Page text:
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The Narmada is India's largest westward-flowing river and is of immense religious and cultural importance to the people living on its banks. It is also the subject of the largest river development project in the world, the Narmada Valley Project, which envisages the construction of thirty large and hundreds of small dams along its length.
The Narmada projects are the epitome of unsustainable development. Two of the largest proposed dams, Sardar Sarovar and Narmada Sagar, have been under construction since 1961. According to Narmada Bachao Andolan, the dams force the displacement of about a million people and affect many more, largely poor peasants and tribals. They also cause immense ecological damage through the inundation of forests, including prime habitats of rare species. Resettlement and compensation have been totally inadequate and there is not the remotest prospect that the displaced people, the 'oustees', will be adequately resettled, nor that the ecological damage can be compensated for. There are also real doubts, borne out by the experience of large dams elsewhere in India, that the dams will yield their projected benefits of hydropower, irrigation and drinking water. The project is set fair to become another human and ecological 'development tragedy'.
The Save the Narmada Movement (Narmada Bachao Andolan, NBA) is the people's movement that has mobilised itself against this development since the mid- and late-1980s. It has succeeded in generating a debate across the sub-continent which has encapsulated the conflict between two opposing styles of development: one massively destructive of people and the environment in the quest for large-scale industrialisation; the other consisting of replicable small-scale decentralised, democractic and ecologically sustainable options and activities harmoniously integrated with both local communities and nature.
In place of the dams, NBA calls for an energy and water strategy, based on improving dry farming technology, watershed development, small dams, lift schemes for irrigation and drinking water, and improved efficiency and utilisation of existing dams.
Narmada Bachao Andolan was initiated by Medha Patkar along with other colleagues. Medha Patkar is a graduate in social work, who moved to live among the tribals of the Narmada Valley in the mid-1980s and alerted them to the fate that awaited them with the dams. Having founded NBA, she remains one of its main catalysts, strategists and mobilisers. During the Narmada struggle, Patkar has faced repression and has been arrested several times, She also undertook many Satyagrahas (pledge for truth) and long fasts. In a confrontation between NBA supporters and pro-dam forces in 1991, her 21-day fast brought her close to death.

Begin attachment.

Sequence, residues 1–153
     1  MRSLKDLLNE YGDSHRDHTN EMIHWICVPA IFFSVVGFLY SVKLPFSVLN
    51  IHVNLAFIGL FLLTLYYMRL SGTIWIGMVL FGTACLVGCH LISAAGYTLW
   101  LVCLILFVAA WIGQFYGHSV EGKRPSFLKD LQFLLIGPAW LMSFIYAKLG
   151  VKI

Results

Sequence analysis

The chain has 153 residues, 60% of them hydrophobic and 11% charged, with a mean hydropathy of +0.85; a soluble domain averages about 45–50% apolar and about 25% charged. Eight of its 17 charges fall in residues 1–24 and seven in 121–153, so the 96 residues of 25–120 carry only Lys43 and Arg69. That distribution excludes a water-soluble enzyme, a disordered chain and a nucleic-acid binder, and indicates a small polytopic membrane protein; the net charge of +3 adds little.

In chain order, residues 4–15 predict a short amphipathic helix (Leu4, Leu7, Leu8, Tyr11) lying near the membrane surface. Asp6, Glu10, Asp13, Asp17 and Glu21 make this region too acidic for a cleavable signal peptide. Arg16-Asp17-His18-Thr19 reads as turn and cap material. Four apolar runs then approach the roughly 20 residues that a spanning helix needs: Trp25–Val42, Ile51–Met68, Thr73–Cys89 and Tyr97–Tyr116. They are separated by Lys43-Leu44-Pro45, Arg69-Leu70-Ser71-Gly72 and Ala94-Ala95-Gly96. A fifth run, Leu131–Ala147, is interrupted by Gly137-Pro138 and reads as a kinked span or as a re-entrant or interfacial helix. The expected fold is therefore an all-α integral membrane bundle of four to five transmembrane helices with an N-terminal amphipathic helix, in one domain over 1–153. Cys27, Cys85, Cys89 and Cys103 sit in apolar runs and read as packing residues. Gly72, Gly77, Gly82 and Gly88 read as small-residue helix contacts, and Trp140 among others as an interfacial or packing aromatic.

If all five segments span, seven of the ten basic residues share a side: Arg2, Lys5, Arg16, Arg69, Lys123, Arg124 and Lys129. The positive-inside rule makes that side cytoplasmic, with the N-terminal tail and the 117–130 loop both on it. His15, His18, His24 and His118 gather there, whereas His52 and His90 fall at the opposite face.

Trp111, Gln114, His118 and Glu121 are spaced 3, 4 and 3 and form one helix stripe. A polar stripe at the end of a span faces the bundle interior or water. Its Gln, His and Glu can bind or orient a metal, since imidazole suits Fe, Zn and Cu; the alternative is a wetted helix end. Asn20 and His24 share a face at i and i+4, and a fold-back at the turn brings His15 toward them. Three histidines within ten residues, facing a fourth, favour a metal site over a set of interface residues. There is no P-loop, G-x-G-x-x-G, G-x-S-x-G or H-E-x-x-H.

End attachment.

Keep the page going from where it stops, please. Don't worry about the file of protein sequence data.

Baba Amte, (1914-2008), was one of India's most respected social and moral leaders. Most of his life he devoted to the care and rehabilitation of leprosy patients. His community of a few thousand patients at Anandwan has done much to dispel prejudice against the victims of leprosy. In 1990 he left Anandwan with the words: "I am leaving to live along the Narmada... Narmada will linger on the lips of the nation as a symbol of all struggles against social injustice."
The decade-long struggle in the Narmada valley has resulted in suspension of the work on the Sardar Sarovar dam project through the movement as well as the Supreme Court's intervention. NBA questioned and compelled the World Bank that supported the dam with a US$ 450 million loan to review the Sardar Sarovar project. NBA has also exposed fraud in the environment compliance reports and massive corruption in the rehabilitation leading to a judicial inquiry. Even if the wall is complete (122 m high in 2009), the further erection of 17 m high radial gates was not permitted, due to non-compliance on rehabilitation and environmental measures. There are more than 200,000 people in the submergence area of this single dam with the best of agriculture and horticulture and all community life going on with temples, mosques, trees, schools, dispensaries, Government buildings etc.
NBA has also spread to other large dams in the valley, such as Indira Sagar, Maheshwar and Omkareshwar. For two of these dams, the High Court of Jabalpur stopped the filling of the reservoir until land based rehabilitation is done.
The issues of land for the displaced, the rehabilitation policy at a national level and development planning without displacement have become national issues with NBA interventions, influencing policy making and mass movements. NBA has been effective in its multiple strategy at the executive, legislative and judicial level, campaigning against the destruction and displacement caused by large dams and for the rights of the affected people - farmers, laborers, fishermen and others.
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Madhya Pradesh 451 551
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